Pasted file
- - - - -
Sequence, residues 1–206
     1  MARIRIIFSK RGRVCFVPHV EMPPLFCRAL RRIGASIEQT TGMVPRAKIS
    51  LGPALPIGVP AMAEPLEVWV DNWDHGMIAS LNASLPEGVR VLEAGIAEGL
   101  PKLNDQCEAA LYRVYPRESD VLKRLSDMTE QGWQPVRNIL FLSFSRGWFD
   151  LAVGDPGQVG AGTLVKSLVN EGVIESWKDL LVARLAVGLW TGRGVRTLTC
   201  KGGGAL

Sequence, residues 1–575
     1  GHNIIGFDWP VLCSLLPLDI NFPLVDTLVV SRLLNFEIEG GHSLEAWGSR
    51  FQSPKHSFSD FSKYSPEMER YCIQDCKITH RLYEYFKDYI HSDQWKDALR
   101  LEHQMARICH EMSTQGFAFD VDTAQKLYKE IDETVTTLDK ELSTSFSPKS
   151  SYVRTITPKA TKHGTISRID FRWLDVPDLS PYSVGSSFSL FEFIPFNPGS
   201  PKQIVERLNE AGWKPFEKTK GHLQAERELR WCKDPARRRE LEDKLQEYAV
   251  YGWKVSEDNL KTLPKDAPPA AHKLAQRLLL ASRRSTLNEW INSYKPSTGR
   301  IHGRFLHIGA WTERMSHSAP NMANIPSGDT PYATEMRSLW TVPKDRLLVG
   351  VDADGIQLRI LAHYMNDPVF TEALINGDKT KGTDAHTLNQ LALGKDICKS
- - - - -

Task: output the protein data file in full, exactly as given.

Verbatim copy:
Sequence, residues 1–206
     1  MARIRIIFSK RGRVCFVPHV EMPPLFCRAL RRIGASIEQT TGMVPRAKIS
    51  LGPALPIGVP AMAEPLEVWV DNWDHGMIAS LNASLPEGVR VLEAGIAEGL
   101  PKLNDQCEAA LYRVYPRESD VLKRLSDMTE QGWQPVRNIL FLSFSRGWFD
   151  LAVGDPGQVG AGTLVKSLVN EGVIESWKDL LVARLAVGLW TGRGVRTLTC
   201  KGGGAL

Sequence, residues 1–575
     1  GHNIIGFDWP VLCSLLPLDI NFPLVDTLVV SRLLNFEIEG GHSLEAWGSR
    51  FQSPKHSFSD FSKYSPEMER YCIQDCKITH RLYEYFKDYI HSDQWKDALR
   101  LEHQMARICH EMSTQGFAFD VDTAQKLYKE IDETVTTLDK ELSTSFSPKS
   151  SYVRTITPKA TKHGTISRID FRWLDVPDLS PYSVGSSFSL FEFIPFNPGS
   201  PKQIVERLNE AGWKPFEKTK GHLQAERELR WCKDPARRRE LEDKLQEYAV
   251  YGWKVSEDNL KTLPKDAPPA AHKLAQRLLL ASRRSTLNEW INSYKPSTGR
   301  IHGRFLHIGA WTERMSHSAP NMANIPSGDT PYATEMRSLW TVPKDRLLVG
   351  VDADGIQLRI LAHYMNDPVF TEALINGDKT KGTDAHTLNQ LALGKDICKS